Governor Gavin Newsom asked Warren Buffet to use Berkshire-Hathaway to buy PG&E. Berkshire-Hathaway has been acquiring utilities throughout the West including PacifiCorp and Nevada Power. However, other than deep pockets, it’s not clear what Buffet has to offer in this situation.
PG&E’s stock fell as low as $3.80 per share on Tuesday, closing at $5.03. The total market value, including the natural gas utility, is now $2.66 billion. The invested book value on the other hand is about $26 billion.
Not sure why California doesn’t just buy the company for, say, $5B instead of appealing to an out of state private owner. Several state legislators, including a key state senator, Bill Dodd, have expressed support for some sort of state acquisition. Then the state can either parse it out to public utilities, set up a cooperative or bid out the franchises to multiple operators or owners. Ratepayers/taxpayers will have to pay most of the wildfire liabilities anyway, so why not remove the high-cost (and apparently incompetent) middleman?
M.Cubed partner Steven Moss wrote this editorial “Publisher’s View: Pacific Gas and Electric Company” in the Potrero View on how PG&E might move forward into the future.
The California Legislature is still struggling with whether and how it should protect PG&E from a $17 billion liability from the Sonoma wildfires that could push the utility into bankruptcy. The latest proposal would have the CPUC conduct a “stress test” on PG&E’s finances if it faced a large liability, and then PG&E could raise rates sufficiently to cover the difference between the total liability and exposure deemed sufficient to maintain financial solvency. We don’t have enough details to understand how well the stress threshold is defined and how it would differ from the current cost of capital evaluations, but this is a bad idea regardless.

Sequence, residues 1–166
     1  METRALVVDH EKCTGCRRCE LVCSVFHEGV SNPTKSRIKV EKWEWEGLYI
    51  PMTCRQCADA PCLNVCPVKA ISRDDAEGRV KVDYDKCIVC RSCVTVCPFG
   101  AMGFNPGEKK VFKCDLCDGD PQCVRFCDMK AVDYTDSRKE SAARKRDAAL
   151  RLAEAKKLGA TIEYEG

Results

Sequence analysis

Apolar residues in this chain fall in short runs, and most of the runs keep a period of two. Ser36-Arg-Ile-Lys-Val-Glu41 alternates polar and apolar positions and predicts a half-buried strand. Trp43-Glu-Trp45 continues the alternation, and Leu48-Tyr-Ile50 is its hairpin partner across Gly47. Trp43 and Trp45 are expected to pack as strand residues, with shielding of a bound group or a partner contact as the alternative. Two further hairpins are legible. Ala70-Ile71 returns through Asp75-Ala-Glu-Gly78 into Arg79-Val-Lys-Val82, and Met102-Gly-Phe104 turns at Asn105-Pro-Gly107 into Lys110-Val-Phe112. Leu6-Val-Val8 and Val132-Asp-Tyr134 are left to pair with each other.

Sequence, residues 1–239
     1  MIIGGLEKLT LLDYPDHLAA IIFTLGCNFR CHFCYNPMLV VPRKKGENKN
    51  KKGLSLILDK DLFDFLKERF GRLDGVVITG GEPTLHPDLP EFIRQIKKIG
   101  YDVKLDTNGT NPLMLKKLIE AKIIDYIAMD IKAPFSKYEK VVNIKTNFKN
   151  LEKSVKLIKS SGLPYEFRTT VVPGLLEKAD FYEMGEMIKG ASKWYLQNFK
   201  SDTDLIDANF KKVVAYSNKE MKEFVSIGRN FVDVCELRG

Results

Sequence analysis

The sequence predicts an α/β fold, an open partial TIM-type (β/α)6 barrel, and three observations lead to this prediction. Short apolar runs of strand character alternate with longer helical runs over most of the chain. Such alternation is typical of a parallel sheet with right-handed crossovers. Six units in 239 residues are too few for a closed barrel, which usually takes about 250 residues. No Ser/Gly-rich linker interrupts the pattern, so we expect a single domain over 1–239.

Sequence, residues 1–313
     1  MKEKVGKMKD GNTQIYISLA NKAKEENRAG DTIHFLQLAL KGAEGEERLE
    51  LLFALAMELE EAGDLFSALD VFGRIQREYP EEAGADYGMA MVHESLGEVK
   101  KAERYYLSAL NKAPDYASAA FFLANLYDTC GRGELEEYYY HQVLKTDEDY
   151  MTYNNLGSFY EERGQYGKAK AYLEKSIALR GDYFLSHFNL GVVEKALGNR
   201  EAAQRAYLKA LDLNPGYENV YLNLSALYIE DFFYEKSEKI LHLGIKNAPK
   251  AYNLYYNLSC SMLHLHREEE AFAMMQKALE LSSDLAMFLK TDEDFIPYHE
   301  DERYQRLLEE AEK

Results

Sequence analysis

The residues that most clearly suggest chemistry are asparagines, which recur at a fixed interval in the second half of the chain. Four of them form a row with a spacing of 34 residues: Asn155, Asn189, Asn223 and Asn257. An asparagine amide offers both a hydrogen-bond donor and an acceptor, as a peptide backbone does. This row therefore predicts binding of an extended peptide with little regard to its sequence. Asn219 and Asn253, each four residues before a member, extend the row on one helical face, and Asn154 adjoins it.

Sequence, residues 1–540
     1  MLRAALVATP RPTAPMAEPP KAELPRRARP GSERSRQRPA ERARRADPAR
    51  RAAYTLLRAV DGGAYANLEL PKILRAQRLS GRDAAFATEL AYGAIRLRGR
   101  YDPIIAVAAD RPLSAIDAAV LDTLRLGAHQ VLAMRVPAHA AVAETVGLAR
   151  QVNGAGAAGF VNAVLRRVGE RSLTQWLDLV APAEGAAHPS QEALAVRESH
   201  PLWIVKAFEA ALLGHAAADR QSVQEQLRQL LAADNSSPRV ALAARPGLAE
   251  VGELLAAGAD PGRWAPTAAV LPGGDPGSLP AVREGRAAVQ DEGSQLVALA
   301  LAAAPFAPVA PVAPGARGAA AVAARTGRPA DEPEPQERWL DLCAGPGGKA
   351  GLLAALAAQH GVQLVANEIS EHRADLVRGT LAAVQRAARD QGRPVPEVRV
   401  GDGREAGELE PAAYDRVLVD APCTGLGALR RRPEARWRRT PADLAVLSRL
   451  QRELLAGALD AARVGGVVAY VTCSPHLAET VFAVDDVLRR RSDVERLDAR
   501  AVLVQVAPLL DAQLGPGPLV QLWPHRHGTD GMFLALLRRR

Firms need the threat of bankruptcy to perform efficiently and effectively. We’ve already seen how PG&E manages and performs sloppily, whether its maintaining vegetation (which has been a problem since the early 1990s), tracking its pipeline maintenance (which led to the San Bruno accident), or managing risk in its renewable power portfolio (which has added a $33 per megawatt-hour premium to its cost.) Clearly CPUC oversight alone is not doing the job. Outside litigation may be the only way to get PG&E’s attention, especially if it creates an existential threat.
Policymakers have taken the wrong lesson from PG&E’s previous bankruptcy, filed in 2001 during the California energy crisis. The issue there that lead to the final resolution was whether PG&E was required to provide power to its customers at whatever cost. This situation is not about PG&E’s obligations but rather about its management practices, and a bankruptcy court is much less likely to require a cost pass through.
Instead, the state could simply step in buy PG&E for $1 if the utility declares bankruptcy (an option that Governor Gray Davis was too much of a coward to consider in March 2001.) The state could then directly manage the utility, or better yet, parse it down to eight or ten smaller utilities. (Two studies in PG&E’s 1999 General Rate Case, and the subsequent decision, found that the most efficient utility size is about 500,000 customers. PG&E now has over four million.) Customers would find the utilities more accessible and responsive, and by creating municipal utilities, rates could be much lower with cheaper financing cost. It’s time to rethink where we should head.